The meningeal lymphatic network enables the drainage of cerebrospinal fluid (CSF) and facilitates the removal of central nervous system (CNS) waste
Discovery of T cells’ role in Alzheimer’s, related diseases, suggests new treatment strategy (Links to an external site)
Findings, in mice, open up drug development possibilities for brain diseases linked to tau protein
Parenchymal border macrophages regulate the flow dynamics of the cerebrospinal fluid (Links to an external site)
Macrophages are important players in the maintenance of tissue homeostasis. Perivascular and leptomeningeal macrophages reside near the central nervous system (CNS) parenchyma, and their role in CNS physiology has not been sufficiently well studied.
Rejuvenated immune cells can improve clearance of toxic waste from brain (Links to an external site)
Findings in mice suggest new therapeutic approach to Alzheimer’s, other age-related diseases
P&I faculty awarded $15M from NIH for Alzheimer’s research (Links to an external site)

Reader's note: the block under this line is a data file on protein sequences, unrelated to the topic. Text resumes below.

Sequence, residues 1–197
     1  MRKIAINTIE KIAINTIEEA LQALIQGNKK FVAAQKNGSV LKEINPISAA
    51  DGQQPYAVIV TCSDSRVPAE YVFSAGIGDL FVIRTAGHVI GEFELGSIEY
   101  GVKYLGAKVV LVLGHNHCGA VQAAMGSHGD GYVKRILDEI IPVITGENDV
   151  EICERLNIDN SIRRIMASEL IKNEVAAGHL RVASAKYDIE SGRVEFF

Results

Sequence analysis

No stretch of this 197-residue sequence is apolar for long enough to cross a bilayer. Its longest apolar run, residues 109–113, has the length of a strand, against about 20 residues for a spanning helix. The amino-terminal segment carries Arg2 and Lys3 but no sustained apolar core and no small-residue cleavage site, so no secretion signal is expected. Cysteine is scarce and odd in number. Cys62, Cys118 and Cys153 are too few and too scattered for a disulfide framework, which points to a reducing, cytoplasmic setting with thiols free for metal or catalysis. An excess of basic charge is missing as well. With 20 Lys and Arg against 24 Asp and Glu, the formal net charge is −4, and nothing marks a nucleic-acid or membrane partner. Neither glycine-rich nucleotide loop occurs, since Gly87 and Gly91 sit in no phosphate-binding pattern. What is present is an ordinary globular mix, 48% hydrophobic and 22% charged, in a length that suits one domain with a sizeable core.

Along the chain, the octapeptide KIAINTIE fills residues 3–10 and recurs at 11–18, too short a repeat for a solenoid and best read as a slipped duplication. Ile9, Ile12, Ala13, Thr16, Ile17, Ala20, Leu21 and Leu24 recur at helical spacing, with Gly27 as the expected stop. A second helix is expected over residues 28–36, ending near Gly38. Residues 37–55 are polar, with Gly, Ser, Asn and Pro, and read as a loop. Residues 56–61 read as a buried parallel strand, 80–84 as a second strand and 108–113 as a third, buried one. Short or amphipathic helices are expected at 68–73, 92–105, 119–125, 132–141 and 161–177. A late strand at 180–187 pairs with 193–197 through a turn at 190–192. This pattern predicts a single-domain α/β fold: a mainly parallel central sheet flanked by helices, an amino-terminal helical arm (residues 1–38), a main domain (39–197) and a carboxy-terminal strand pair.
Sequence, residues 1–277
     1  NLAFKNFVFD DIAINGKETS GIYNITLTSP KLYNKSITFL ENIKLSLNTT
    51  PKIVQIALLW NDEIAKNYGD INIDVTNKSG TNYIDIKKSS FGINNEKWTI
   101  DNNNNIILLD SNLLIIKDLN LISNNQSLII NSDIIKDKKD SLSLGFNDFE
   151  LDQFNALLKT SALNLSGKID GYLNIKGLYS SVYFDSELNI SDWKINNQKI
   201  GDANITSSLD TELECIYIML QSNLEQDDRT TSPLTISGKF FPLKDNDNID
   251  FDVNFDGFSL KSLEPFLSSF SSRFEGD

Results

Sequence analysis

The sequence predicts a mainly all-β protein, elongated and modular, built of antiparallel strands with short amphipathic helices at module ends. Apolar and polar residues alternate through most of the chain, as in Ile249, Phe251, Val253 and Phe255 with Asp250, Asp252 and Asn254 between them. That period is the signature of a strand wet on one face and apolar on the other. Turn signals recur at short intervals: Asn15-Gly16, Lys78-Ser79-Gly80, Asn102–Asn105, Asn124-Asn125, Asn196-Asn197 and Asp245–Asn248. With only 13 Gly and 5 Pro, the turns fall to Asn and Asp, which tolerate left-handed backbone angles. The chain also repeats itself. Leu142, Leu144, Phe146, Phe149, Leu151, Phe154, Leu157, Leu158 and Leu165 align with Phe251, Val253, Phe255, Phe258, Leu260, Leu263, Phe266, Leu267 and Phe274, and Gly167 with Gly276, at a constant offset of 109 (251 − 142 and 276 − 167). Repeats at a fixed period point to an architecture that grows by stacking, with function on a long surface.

Three faculty members in the Department of Pathology & Immunology at Washington University School of Medicine were recently awarded a multi-year, multi-million dollar grant to research the aging brain.
Study points to new approach to clearing toxic waste from brain (Links to an external site)
“We were studying this very wonky basic science question — ‘How do proteins get made?’ — and we noticed this funny thing,” said senior author Joseph D. Dougherty, PhD, a Washington University professor of genetics and of psychiatry, and Sapkota’s former mentor.
ICTS Pilot Funding Drives Research on Neurodegenerative Diseases (Links to an external site)
In 2019, Guoyan Zhao, PhD, assistant professor in the Department of Neuroscience at Washington University School of Medicine in St. Louis, utilized a unique ICTS pilot funding project to help develop her research on neurodegenerative diseases.
Guardians of the brain: how a special immune system protects our grey matter (Links to an external site)
The nervous and immune systems are tightly intertwined. Deciphering their chatter might help address many brain disorders and diseases.
Zhao receives grant to study proteomics in the brain (Links to an external site)
Guoyan Zhao, assistant professor in the Department of Neuroscience at Washington University School of Medicine in St. Louis, received a $433,000 grant from the National Institutes of Health (NIH) to apply a cutting-edge imaging technology to study subcellular features of brain tissue from Alzheimer’s patients.